The Talk
I sat with him on the floor of the hotel bathroom, rocking him, and explaining in the simplest, most literal terms possible that Grandpa Papo died.

His body was broken and the doctors couldn’t fix him. When our bodies get a little broken, we go to a dr to fix us. (then went through different people to ask “Is mommy broken, is Zane broken…ect, to make sure he understood the concept of broken body and not broken body)

In video games, when you die, it is a pretend die. You can start again and you are alive. In real life, when you die, you stay dead. You can’t start again. You can’t talk to the person, or hug them, and they can’t breathe or see or hear any more. They look a little bit like they are asleep, but they are not asleep. When you go to sleep, you wake up. When you die, you do not wake up. You can tell the person is dead because they don’t breath or open their eyes any more. (again, asked questions to see if he was comprehending)

Inside of all of us there is an invisible part that makes us alive, called a spirit or soul. When the body breaks too much for docters to fix, the spirit goes to heaven to live with Jesus. His alive part, his spirit, is happy because he is with Jesus. Mommy and Daddy are sad because we won’t see his spirit for a long time and we will miss him being on earth. We miss being able to talk to him and hug him. (again…questions to confirm comprehension)

We will be going to see his body. His body will be in a special box called a coffin. He will look a little like he is alseep, but he will mostly look different (as it turned out, there was no question he wasn’t just asleep, and he looked quite a bit different). He won’t be breathing and he won’t open his eyes because his alive part is not in his body any more. His alive part is with Jesus.

There will be other people there to see Papo’s body. A lot of them might be crying, or sad, and that is OK. It is good to cry when we are sad. We all miss Papo being alive, but we know his inside part, his spirit part, is happy and living with Jesus. If you are sad, it is good to cry. If you are scared, it is good to tell us. Mommy and Daddy will be with you and keep you safe and give you hugs if you want them. If you are not sad, that is fine. It is ok to not be sad.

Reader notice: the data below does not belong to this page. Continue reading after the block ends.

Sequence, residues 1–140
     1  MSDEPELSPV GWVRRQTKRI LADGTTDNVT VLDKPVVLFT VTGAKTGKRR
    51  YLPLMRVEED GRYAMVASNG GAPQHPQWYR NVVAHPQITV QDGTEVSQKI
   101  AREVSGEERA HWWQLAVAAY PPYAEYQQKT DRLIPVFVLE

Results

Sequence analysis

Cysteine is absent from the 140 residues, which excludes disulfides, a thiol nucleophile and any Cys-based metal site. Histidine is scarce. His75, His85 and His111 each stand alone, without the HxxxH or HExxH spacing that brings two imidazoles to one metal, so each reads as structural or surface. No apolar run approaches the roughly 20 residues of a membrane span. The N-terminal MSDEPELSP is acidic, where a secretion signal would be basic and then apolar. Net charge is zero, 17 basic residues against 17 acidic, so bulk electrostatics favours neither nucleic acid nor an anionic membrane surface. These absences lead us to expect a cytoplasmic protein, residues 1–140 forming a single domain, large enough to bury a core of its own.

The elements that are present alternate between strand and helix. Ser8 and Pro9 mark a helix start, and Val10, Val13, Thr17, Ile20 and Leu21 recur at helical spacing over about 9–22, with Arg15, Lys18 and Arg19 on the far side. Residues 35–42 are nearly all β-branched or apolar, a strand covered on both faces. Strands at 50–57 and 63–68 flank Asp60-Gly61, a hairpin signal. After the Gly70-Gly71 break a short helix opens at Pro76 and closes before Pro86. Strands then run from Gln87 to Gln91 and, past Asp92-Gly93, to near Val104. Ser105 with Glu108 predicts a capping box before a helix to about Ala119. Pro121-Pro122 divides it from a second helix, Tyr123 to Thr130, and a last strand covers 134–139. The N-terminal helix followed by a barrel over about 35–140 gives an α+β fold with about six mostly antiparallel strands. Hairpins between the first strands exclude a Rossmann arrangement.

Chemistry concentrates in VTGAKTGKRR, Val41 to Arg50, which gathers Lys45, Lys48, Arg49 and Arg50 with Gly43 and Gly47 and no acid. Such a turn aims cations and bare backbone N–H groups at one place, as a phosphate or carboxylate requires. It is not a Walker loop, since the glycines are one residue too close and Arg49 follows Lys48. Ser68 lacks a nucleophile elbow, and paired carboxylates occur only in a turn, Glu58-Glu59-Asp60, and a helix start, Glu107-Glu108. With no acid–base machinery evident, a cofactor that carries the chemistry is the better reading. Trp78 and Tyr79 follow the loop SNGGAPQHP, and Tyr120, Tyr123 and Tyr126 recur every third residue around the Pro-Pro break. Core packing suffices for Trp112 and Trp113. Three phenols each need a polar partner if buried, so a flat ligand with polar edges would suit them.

I asked him a bunch of question afterwards to make sure he got the concept (as much as he could…nobody *really* gets death). I also knew that the only way he was going to understand what dead meant, for sure, was to take him to the viewing. Every part of my soul wanted to spare him that, but I knew that I had to.

Right after Zach returned from his meeting with the siblings, we left to pick everybody up at the airport. They were coming from three different places in the country, but all managed, somehow, to end up on the same plane the last leg. Amazing. We exchanged a few quick hugs, got people and luggage arranged in the vehicles, and headed back to the hotel.

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30th October 2008

Hearing the News & Getting There

It was Monday night, 8:30pm or so.  It was the “witching hour” where we are trying to round everybody up for bed, just a bit on the late side that night and the kids were that overtired crazy they get when they need to go to bed.  I picked up the phone, and a business-like voice asked for Zach.  I assumed it was his work because they were starting the move from the old facility to the brand new (in fact, not totally finished…some areas are still “hard hat only” areas) and Zach is the go-to guy for computer stuff, especially oddball problems.  Zach quickly went downstairs, away from the melee, to have his conversation, but that just “confirmed” my thought that it was work.  I will never forget the look on his face as he walked the last few steps up the stairs back into the living room a few minutes later.  I sit here with tears rolling down my face remembering it.  He stuttered out that it was Hayden and Dad was dead, and was choking back tears.  That is when the world started spinning.